Effects of continuous intra-articular infusion of gentamicin on synovial membrane and articular cartilage in the tarsocrural joint of horses

Timothy B. Lescun Department of Veterinary Clinical Sciences, School of Veterinary Medicine, Purdue University, West Lafayette, IN 47906.

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 BVSc, MS
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Stephen B. Adams Department of Veterinary Clinical Sciences, School of Veterinary Medicine, Purdue University, West Lafayette, IN 47906.

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 DVM, MS
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Ching Ching Wu Department of Veterinary Pathobiology, School of Veterinary Medicine, Purdue University, West Lafayette, IN 47906.

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 DVM, PhD
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Robert P. Bill Department of Basic Medical Sciences, School of Veterinary Medicine, Purdue University, West Lafayette, IN 47906.

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 DVM, PhD
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David C. Van Sickle Department of Basic Medical Sciences, School of Veterinary Medicine, Purdue University, West Lafayette, IN 47906.

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 DVM, PhD

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Abstract

Objective—To determine the effects of a continuous intra-articular infusion of gentamicin on the synovial membrane and articular cartilage in the tarsocrural joint of horses.

Animals—6 healthy adult horses.

Procedure—A balloon infusion system attached to a catheter placed in the plantarolateral pouch of both tarsocrural joints in each horse was used for continuous gentamicin solution (GM) or balanced electrolyte solution (BES) delivery for 5 days. Cartilage and synovial membrane specimens were collected on day 5 from 3 horses and on day 14 from the remaining 3 horses. Both infused joints from each horse were assessed, using gross evaluation and histologic scoring systems.

Results—Significant differences in the histologic scores of synovial membrane specimens between the GM- and BES-treated joints at either 5 or 14 days were not observed. Safranin-O-fast green staining scores were similar between cartilage specimens from GM- and BES-treated joints. Although the synovial membrane histologic scores and safranin-O-fast green staining scores improved from day 5 to 14, the changes in scores were not significant. Loss of synovial intimal cells from villi was found more commonly in sections of synovial membrane from GM-treated joints, compared with BES-treated joints.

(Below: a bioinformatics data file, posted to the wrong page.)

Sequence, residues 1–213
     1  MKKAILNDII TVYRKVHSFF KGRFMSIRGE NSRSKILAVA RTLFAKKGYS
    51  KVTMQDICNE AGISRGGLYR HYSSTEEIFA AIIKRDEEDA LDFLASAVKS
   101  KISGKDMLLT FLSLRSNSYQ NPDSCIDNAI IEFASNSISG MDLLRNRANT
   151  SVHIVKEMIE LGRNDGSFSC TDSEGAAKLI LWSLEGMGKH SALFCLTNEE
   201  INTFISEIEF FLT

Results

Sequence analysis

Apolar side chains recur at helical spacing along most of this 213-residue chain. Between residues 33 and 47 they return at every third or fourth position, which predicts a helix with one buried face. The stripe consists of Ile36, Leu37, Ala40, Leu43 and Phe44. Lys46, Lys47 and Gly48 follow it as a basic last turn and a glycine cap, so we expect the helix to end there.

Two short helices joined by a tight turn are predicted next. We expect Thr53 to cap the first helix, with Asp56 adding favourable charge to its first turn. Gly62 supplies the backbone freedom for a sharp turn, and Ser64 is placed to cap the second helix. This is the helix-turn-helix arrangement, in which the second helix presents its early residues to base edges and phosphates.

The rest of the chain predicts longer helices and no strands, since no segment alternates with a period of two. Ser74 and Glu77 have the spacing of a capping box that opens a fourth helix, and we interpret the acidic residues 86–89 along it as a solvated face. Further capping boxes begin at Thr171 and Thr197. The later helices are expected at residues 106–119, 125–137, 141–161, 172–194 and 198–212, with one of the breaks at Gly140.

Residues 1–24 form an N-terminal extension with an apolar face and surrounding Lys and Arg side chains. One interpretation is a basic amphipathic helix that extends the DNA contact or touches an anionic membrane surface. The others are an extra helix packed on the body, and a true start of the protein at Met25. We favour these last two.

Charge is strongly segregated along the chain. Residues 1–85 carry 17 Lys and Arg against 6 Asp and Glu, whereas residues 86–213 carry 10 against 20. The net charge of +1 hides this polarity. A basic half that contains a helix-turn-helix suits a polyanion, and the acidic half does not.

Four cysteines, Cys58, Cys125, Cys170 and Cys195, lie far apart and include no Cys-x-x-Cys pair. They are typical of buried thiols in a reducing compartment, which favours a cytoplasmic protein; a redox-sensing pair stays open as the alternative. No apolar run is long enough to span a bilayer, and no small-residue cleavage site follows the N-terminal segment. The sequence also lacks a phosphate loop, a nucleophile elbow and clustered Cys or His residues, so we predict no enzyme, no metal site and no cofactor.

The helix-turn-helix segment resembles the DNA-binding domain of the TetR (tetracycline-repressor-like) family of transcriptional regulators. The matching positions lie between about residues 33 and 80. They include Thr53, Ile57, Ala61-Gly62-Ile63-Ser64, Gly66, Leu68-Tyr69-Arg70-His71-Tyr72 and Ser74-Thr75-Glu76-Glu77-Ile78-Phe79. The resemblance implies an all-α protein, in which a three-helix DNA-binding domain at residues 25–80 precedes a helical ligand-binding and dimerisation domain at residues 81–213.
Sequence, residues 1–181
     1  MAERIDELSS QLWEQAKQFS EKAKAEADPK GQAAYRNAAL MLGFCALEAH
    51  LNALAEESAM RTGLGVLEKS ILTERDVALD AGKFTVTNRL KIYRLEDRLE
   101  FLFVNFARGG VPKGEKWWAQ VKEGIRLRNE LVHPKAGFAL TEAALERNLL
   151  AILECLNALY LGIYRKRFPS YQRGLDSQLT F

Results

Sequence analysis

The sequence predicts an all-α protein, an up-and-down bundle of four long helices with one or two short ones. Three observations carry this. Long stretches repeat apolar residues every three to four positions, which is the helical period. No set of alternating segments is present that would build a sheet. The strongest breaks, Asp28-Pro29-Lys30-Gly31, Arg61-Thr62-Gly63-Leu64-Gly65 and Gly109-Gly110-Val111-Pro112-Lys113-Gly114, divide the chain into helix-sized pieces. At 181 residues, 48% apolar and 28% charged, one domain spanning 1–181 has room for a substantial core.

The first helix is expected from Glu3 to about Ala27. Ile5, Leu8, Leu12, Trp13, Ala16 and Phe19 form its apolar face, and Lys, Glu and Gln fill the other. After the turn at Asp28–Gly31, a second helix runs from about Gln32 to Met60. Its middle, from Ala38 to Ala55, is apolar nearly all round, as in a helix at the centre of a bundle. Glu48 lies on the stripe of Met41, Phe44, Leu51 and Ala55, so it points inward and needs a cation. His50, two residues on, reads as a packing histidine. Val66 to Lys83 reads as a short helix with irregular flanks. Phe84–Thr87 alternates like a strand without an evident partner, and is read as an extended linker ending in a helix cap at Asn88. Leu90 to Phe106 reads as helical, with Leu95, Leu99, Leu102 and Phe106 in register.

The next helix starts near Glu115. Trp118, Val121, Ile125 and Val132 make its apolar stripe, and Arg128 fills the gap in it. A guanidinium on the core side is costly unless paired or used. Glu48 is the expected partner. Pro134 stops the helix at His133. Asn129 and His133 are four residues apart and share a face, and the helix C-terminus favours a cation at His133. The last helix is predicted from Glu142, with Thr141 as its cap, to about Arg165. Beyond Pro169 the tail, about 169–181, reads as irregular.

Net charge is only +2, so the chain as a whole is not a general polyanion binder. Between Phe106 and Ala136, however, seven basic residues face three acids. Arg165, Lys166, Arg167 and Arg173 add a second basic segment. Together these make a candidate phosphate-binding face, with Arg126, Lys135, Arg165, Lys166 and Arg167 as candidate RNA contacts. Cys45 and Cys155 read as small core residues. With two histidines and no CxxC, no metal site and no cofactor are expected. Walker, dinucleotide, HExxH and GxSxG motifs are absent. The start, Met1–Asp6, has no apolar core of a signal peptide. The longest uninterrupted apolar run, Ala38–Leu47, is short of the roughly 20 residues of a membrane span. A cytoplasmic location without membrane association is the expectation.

Conclusions and Clinical Relevance—Continuous infusion of GM into the tarsocrural joint of horses does not have significant effects on histologic scores of articular cartilage or synovial membrane, compared with those infused with BES. Continuous infusion of GM into the tarsocrural joint of horses for 5 days is an acceptable method for the treatment of septic arthritis. (Am J Vet Res 2002;63:683–687)

Abstract

Objective—To determine the effects of a continuous intra-articular infusion of gentamicin on the synovial membrane and articular cartilage in the tarsocrural joint of horses.

Animals—6 healthy adult horses.

Procedure—A balloon infusion system attached to a catheter placed in the plantarolateral pouch of both tarsocrural joints in each horse was used for continuous gentamicin solution (GM) or balanced electrolyte solution (BES) delivery for 5 days. Cartilage and synovial membrane specimens were collected on day 5 from 3 horses and on day 14 from the remaining 3 horses. Both infused joints from each horse were assessed, using gross evaluation and histologic scoring systems.

Results—Significant differences in the histologic scores of synovial membrane specimens between the GM- and BES-treated joints at either 5 or 14 days were not observed. Safranin-O-fast green staining scores were similar between cartilage specimens from GM- and BES-treated joints. Although the synovial membrane histologic scores and safranin-O-fast green staining scores improved from day 5 to 14, the changes in scores were not significant. Loss of synovial intimal cells from villi was found more commonly in sections of synovial membrane from GM-treated joints, compared with BES-treated joints.

Conclusions and Clinical Relevance—Continuous infusion of GM into the tarsocrural joint of horses does not have significant effects on histologic scores of articular cartilage or synovial membrane, compared with those infused with BES. Continuous infusion of GM into the tarsocrural joint of horses for 5 days is an acceptable method for the treatment of septic arthritis. (Am J Vet Res 2002;63:683–687)

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